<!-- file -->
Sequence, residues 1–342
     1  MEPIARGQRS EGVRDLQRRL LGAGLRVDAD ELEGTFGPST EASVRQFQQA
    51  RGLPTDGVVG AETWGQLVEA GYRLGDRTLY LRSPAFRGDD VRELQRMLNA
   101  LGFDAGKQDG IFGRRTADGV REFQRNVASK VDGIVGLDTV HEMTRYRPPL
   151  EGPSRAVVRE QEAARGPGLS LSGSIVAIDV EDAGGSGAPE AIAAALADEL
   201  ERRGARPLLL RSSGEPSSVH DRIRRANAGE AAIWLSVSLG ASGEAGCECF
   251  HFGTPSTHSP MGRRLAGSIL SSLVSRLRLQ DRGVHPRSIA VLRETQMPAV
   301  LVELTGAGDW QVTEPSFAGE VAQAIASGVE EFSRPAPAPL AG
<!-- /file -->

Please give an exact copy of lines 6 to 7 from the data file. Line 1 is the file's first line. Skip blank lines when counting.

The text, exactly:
   201  ERRGARPLLL RSSGEPSSVH DRIRRANAGE AAIWLSVSLG ASGEAGCECF
   251  HFGTPSTHSP MGRRLAGSIL SSLVSRLRLQ DRGVHPRSIA VLRETQMPAV